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The phenotypic spectrum of albinism

Publication year 2018
Published in Ophthalmology
Authors Charlotte Kruijt, Gerard C de Wit, A.A.B. Bergen, R.J. Florijn, Nicoline E Schalij-Delfos, Maria M van Genderen

PURPOSE: To describe the phenotypic spectrum of a large cohort of albino patients, to investigate the relationship between the ocular abnormalities and the visual acuity, and to define diagnostic criteria for the Caucasian population. We also estimated the prevalence of albinism in the Netherlands.

DESIGN: Retrospective cohort study.

SUBJECTS: We investigated the phenotype of 522 albinism patients from the databases of Bartiméus (452 patients), Leiden University Medical Center (44 patients) and the Academic Medical Center Amsterdam (26 patients).

METHODS: We collected clinical, genetic and electrophysiological data of albinism patients. We used grading schemes for iris translucency, fundus hypopigmentation, and foveal hypoplasia.

MAIN OUTCOME MEASURES: Visual acuity (VA), nystagmus, iris translucency, fundus pigmentation, foveal hypoplasia and misrouting.

RESULTS: In 7.7% (40/521) nystagmus was absent, iris translucency could not be detected in 8.9% (44/492), 3.8% (19/496) had completely normal fundus pigmentation, 0.7% (3/455) had no foveal hypoplasia and in 16.1% (49/304) misrouting was not established. The VA varied from -0.1 to 1.3 logMAR. The foveal hypoplasia grading correlated best with the VA (r=0.69, p < 0.001), while iris translucency, fundus pigmentation and misrouting did not predict the VA significantly. We estimated a prevalence of albinism in the Netherlands of at least 1: 12 000.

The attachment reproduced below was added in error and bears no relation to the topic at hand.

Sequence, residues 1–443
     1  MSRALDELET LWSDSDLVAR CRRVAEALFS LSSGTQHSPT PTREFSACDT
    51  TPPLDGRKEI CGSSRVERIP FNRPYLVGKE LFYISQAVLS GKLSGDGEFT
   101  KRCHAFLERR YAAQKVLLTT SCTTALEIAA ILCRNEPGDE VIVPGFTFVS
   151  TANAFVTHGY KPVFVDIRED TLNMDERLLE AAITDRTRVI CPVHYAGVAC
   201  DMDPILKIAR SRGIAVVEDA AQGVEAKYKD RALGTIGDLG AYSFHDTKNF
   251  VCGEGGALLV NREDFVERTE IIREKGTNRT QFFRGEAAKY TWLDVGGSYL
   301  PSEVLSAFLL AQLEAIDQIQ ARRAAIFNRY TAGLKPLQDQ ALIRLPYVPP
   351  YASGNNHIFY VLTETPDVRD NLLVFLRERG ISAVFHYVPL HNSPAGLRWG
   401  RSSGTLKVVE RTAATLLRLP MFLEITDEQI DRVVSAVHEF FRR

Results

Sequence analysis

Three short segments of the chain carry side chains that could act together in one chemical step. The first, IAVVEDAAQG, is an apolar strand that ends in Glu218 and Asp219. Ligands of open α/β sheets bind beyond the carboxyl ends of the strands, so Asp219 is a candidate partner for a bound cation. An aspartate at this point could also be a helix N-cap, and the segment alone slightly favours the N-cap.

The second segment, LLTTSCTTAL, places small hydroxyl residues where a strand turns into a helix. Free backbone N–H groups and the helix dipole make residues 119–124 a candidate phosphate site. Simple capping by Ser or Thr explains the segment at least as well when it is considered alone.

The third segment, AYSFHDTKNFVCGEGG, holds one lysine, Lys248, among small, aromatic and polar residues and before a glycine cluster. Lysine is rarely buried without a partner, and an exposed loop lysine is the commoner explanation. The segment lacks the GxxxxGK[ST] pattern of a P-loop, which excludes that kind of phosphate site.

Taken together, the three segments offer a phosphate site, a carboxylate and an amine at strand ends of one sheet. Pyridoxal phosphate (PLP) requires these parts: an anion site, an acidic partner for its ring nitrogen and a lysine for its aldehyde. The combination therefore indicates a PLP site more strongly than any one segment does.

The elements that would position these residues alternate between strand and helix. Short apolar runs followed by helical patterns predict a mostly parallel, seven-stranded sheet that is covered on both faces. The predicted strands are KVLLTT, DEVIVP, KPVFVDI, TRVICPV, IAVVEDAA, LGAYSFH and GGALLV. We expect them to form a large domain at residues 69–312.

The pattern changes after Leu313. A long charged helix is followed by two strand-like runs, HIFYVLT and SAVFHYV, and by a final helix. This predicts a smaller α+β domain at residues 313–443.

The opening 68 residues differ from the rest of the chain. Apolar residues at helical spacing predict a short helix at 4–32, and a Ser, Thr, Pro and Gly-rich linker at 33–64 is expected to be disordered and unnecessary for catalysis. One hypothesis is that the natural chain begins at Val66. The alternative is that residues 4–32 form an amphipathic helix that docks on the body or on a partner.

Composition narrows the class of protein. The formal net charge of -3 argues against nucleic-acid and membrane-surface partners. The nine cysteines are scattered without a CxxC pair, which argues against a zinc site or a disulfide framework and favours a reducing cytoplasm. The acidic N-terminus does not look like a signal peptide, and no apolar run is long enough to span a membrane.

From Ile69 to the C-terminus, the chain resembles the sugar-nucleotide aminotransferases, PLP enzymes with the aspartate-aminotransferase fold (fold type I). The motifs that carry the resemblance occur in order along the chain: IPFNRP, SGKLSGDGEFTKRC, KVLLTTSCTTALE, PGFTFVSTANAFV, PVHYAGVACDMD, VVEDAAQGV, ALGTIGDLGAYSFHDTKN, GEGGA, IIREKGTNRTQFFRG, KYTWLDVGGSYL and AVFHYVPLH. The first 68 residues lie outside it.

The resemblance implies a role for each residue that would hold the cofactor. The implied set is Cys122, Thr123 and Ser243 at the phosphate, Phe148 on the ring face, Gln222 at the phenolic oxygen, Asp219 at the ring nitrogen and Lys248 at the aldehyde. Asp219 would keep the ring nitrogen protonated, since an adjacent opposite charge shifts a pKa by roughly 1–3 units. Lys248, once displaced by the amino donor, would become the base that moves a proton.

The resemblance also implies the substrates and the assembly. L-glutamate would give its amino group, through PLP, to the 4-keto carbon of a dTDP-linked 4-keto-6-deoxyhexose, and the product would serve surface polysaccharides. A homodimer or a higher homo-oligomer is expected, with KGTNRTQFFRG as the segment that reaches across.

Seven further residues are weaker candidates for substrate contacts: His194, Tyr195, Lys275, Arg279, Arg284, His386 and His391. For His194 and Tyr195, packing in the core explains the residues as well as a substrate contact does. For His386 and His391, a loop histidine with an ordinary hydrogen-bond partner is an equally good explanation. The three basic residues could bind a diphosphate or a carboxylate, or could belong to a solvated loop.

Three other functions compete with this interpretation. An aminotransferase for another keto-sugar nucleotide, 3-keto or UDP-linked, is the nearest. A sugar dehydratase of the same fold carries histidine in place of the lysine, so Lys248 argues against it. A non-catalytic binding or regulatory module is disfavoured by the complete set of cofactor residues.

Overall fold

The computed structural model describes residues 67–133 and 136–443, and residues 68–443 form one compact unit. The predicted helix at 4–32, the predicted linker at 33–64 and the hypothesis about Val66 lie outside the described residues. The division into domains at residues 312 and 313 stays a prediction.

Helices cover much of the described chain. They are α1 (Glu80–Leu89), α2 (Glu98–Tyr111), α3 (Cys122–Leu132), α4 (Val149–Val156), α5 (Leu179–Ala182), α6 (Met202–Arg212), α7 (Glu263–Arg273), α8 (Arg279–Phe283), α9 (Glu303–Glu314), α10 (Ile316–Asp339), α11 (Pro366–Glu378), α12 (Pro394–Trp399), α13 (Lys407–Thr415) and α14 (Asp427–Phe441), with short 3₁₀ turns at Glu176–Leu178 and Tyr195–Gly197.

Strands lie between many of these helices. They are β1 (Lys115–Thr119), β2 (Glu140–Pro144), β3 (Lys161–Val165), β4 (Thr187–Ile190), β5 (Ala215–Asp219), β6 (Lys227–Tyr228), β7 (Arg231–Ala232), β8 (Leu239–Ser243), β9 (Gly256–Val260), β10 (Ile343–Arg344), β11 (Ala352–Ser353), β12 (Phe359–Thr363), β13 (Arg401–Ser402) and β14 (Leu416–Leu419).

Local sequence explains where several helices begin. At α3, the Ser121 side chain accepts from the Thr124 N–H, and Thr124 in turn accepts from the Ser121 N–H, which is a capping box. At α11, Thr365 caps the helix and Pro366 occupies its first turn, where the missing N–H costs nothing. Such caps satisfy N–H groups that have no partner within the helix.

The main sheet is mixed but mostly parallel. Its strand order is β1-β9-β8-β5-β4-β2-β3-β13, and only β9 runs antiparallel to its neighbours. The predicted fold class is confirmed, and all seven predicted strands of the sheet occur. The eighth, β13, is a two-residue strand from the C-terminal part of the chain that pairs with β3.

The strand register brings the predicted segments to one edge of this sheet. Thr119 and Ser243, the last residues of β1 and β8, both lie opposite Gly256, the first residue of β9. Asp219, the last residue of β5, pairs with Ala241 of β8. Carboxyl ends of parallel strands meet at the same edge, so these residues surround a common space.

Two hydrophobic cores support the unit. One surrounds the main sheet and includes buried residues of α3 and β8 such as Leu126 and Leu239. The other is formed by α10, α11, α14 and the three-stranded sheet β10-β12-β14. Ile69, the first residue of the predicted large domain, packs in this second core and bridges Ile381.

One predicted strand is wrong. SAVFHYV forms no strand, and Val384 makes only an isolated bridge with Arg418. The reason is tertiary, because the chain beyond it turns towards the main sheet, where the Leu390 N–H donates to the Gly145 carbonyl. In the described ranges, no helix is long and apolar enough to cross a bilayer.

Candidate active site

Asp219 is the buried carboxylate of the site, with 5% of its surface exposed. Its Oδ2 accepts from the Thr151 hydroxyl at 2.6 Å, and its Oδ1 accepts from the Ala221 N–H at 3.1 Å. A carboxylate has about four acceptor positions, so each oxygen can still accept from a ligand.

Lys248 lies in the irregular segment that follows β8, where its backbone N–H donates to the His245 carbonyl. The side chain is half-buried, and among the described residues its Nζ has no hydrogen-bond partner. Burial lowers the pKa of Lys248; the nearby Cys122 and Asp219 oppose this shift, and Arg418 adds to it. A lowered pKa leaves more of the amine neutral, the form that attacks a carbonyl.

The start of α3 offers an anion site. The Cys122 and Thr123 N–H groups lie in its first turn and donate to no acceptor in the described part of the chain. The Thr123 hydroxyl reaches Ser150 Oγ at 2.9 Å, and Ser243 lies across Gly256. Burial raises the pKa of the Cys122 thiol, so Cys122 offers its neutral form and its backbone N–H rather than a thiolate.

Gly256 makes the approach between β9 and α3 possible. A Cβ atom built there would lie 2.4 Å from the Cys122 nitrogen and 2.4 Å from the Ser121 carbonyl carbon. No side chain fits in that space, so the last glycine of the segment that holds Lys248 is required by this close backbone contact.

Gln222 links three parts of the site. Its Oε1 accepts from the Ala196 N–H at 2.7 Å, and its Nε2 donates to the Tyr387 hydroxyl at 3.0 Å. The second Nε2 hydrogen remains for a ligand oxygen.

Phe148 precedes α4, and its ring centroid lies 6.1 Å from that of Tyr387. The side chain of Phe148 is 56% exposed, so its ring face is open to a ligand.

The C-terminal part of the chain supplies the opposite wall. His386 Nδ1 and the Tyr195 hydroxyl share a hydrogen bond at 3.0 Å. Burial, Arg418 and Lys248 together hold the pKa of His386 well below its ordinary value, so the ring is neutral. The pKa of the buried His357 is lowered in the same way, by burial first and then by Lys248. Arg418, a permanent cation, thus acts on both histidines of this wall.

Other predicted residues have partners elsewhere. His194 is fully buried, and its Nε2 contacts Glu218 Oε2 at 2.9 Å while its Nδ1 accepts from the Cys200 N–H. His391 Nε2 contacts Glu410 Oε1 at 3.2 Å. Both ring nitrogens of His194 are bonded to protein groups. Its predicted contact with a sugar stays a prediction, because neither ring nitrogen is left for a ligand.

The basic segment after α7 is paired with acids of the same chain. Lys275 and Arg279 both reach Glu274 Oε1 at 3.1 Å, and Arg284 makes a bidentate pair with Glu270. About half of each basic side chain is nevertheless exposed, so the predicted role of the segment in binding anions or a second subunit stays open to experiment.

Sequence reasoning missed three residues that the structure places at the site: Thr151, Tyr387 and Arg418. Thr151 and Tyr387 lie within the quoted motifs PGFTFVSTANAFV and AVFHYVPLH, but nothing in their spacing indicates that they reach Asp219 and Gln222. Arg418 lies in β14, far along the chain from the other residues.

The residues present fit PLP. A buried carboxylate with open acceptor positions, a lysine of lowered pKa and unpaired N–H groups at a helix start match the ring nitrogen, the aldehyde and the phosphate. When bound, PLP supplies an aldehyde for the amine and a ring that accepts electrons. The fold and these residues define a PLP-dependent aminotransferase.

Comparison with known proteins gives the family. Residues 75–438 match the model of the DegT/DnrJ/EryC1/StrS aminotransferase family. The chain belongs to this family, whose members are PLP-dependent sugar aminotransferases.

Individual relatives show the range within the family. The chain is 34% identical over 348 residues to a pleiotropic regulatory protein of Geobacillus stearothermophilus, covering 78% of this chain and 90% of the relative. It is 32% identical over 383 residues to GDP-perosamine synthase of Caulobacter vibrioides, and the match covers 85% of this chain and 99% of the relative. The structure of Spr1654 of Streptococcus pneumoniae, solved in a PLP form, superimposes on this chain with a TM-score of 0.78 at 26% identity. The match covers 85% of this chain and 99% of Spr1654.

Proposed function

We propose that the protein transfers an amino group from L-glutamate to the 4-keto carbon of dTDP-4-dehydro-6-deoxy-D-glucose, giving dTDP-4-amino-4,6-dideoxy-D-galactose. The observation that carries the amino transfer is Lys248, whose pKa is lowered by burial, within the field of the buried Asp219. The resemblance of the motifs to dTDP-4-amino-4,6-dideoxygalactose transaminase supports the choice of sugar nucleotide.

CONCLUSIONS: None of the characteristics of albinism were consistently present in our cohort. To be able to distinguish albinism from other conditions with similar ocular features, especially in northern and western European countries, we propose major and minor clinical criteria. Major criteria would be 1) foveal hypoplasia grade 2 or more, 2) misrouting, and 3) ocular hypopigmentation, either iris translucency or fundus hypopigmentation grade 2 or more. Minor criteria would be 1) nystagmus, 2) hypopigmentation of skin and hair, 3) grade 1 fundus hypopigmentation, and 4) foveal hypoplasia grade 1. We propose that three major criteria, or two major and two minor criteria are necessary for the diagnosis. In the presence of a molecular diagnosis, one major criterion or two minor criteria will be sufficient.

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